We can, of course, simply assume that Buddhist doctrine is false. This, however, is not a useful strategy, and its popularity may be the original cause of the entire debate about the value of philosophy. When we make this assumption we find that various serious objections against philosophy become quite easy to make and impossible to fend off. Unnecessary assumptions are the death of philosophy. It is precisely the value of philosophy that it allows us to identify and weed out our unjustified assumptions. Perhaps this may partly account for its unpopularity. Bradley characterises it as an ‘antidote for dogmatic superstition’, and this would be its principle benefit. Philosophy is bound to be useful to someone who wishes to rid themselves of dogma and prejudice, and bound to be of little use to anyone else. If we cannot even rid ourselves of the assumption that the philosophical foundation of Middle Way Buddhism is false, even if we cannot falsify it, perhaps even if we do not know it, then for us philosophy will be a useless activity. The task of philosophy as a decision making procedure is to prove the falsity of such theories or establish their unfalsifiability, as the case may be, and if we do not use it for this purpose then we cannot expect to find it useful.

So, what sort of objection can we make to philosophy without inadvertently endorsing Buddhist doctrine? There are none of any consequence. We can easily object to certain approaches to philosophy, but these objections will be philosophical and depend entirely on philosophy not being useless after all. They will be local debates internal to philosophy, and even if an objection of this kind works it will be no reflection on the value of philosophy as a whole. It is a lost cause. Any argument for the uselessness of philosophy will be an argument for its usefulness, and will usually do no more than reveal a poor understanding of it.

The one objection against philosophy that might work is the one made by the Buddha. This, however, is a very different kind of objection. If our concern is soteriological, if we are concerned with our own cure, as it were, and not just with reading the label on the medicine bottle, then philosophical speculation may not be of much help to us, and it might even become an obstruction. In this respect philosophy might be called useless, or at least a distraction. We will never build a tower of logic to Heaven. But this is clearly not a practical objection beyond the boundaries of mysticism. If we think that philosophy is useless then we will not believe in the Buddha’s soteriological teachings in the first place, since we must deny Nagarjuna’s logical proof of their veracity.

For these reasons and others the challenge for objectors to philosophy is considerable. To make an objection stick would require that we either falsify the results of philosophy or ignore them. To falsify them would require that philosophy is useful, so this must be ruled out as an option. In this case we must ignore them. This is a popular strategy, but not one that produces any troublesome objections to philosophy.

If we cannot object to the results of philosophy, and if we are to avoid resorting to simply assuming that they are faulty and judging the discipline useless on that spurious basis, then the only serious objection that remains open to us would be to say that philosophy does not reach a result. We must argue that there is no way to decide between all these many and various philosophical theories, since they are all as unsatisfactory as each other. Many people make this objection, even many philosophers, and it motivates a number of ‘isms’ such as naturalistic dualism, logical positivism, mysterianism and dialethism. It is a tempting objection to make. It is made, for instance, if you can believe this, in the preface to the latest Blackwell Guide to Metaphysics. (See my essay ‘Is Metaphysics a Waste of TIme’ for extracts).  If we attempt to make this objection, however, then we will immediately find ourselves reproducing the arguments of Nagarjuna and Bradley, enthusiastically demonstrating that this theory does not work, that theory does not work and so on, until eventually we have proved that no partial theory works, and in this way will finally prove beyond doubt that philosophy reaches a perfectly clear result and is very useful indeed.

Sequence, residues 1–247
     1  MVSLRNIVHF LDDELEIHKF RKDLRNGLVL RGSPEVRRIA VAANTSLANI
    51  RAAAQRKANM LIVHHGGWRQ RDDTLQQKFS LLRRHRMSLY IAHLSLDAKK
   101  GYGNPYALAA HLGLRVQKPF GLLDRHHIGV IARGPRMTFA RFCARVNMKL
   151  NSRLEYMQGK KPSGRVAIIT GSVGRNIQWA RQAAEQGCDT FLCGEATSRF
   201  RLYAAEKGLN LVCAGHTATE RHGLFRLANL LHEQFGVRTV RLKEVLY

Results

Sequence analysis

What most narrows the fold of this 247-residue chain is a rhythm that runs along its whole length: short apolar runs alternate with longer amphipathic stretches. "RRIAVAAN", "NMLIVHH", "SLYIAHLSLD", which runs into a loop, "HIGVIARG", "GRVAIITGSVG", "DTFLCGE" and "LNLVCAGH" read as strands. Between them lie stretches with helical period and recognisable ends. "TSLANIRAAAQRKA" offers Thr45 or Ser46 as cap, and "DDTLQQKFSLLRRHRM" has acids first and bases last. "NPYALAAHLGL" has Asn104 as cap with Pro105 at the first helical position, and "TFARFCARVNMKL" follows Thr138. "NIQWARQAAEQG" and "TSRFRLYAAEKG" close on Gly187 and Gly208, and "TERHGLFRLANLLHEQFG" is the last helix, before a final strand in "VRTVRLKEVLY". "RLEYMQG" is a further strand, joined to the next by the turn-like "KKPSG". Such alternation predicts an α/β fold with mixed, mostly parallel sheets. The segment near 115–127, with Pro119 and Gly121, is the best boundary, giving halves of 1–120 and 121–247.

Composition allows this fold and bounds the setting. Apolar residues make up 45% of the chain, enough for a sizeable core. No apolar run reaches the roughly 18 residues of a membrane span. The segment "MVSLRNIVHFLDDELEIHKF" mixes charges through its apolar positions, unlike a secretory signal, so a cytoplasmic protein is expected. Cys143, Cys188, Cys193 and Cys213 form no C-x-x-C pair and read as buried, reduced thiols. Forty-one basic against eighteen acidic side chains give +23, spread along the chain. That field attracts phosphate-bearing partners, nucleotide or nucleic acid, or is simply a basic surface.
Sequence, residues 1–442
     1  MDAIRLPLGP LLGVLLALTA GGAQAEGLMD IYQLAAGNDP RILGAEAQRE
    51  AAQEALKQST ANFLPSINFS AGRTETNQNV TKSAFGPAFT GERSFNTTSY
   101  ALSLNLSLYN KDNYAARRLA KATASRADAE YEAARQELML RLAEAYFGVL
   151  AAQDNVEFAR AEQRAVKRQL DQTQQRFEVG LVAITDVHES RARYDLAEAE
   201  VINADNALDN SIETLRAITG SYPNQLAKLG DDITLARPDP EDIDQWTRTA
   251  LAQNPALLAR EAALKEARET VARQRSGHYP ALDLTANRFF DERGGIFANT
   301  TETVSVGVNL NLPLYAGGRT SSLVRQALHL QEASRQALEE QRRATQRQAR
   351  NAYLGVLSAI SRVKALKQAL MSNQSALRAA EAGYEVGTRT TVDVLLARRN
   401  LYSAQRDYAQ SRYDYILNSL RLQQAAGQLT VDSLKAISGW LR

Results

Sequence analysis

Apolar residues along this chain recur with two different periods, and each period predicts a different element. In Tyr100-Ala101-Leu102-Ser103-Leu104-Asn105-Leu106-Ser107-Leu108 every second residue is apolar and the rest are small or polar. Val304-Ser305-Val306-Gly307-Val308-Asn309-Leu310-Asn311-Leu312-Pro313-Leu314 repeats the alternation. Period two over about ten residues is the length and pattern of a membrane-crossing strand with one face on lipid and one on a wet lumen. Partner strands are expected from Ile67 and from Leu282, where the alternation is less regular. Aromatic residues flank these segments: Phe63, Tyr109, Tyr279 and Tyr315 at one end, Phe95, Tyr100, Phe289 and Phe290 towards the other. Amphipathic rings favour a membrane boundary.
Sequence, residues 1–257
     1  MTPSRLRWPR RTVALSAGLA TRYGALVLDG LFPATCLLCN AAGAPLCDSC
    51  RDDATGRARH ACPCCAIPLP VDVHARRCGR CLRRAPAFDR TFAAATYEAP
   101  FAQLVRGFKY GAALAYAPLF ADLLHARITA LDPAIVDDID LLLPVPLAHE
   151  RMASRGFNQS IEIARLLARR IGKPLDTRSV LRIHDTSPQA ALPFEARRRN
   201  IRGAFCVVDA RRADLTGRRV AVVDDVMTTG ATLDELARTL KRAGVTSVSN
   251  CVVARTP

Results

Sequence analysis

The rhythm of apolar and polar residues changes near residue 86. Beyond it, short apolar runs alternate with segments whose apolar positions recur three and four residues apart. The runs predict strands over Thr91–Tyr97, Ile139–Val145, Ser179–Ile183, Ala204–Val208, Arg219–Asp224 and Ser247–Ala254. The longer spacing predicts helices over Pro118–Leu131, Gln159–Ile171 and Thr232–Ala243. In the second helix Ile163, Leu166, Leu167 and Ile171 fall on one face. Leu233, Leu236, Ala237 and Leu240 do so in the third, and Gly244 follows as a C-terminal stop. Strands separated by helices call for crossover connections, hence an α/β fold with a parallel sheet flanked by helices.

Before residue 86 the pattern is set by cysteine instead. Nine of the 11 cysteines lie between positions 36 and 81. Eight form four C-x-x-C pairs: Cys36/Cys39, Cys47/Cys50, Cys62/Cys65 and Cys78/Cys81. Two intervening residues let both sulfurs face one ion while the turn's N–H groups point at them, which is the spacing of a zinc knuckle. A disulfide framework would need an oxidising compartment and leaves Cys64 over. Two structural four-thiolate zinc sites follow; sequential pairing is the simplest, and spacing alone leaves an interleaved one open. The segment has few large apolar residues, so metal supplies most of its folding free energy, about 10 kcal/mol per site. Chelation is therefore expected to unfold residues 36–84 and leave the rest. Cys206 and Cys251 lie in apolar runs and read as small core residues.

The analysis here may not address all possible objections to philosophy, but it should show that it would be necessary to study philosophy in some depth before we could hope to make a case for not studying it. It may also show that most objections to philosophy will be naïve and amount to no more than evidence of incomprehension.

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4 Responses to On the Dangers of Objecting to Philosophy

  1. whitefrozen says:

    Why is a partial metaphysical theory indefensible? Is this a kind of play on Kant’s critique based on antinomies?

  2. guymax says:

    Well, not a play on Kant, but a recognition of his result. It is actually everybody’s result. It is simply a fact that positive, extreme or partial metaphysical theories are indefensible. Most, and perhaps even all objection to philosophy use this as their central criticism. It is the indefensibility of such theories that leads to all that nonsense about metaphysics having no decision-procedure that we were chuckling at the other day. In fact what motivates that sceptical view it is the fact that metaphysics has a very good decision-procedure It just doesn’t arrive at a conclusion that everybody likes, and the failure of mysticism to make itself clear in philosophy means that it is often not even understood that it is a conclusion.

    • whitefrozen says:

      Kant’s result was pretty much based on his thinking that his antinomies proved or showed that positive position could be had – am I right in thinking this is roughly your line of thought?

  3. guymax says:

    Kant’s antinomies showed, and are caused by, the fact that all selective metaphysical position come in pairs which are undecidable because both extreme solutions are logically indefensible. Kant therefore arrived at his idea that the ultimate must be ‘not an instance of a category’ (i.e. a unity). He saw that all other positions were untenable. Thus he arrives where Bradley and Nagarjuna arrive. Everyone arrives at the undecidability of metaphysical dilemmas, but not everyone sees that the solution would be to reduce or ‘sublate’ these dilemmas as proposed by these three philosophers, and more generally the perennial philosophy.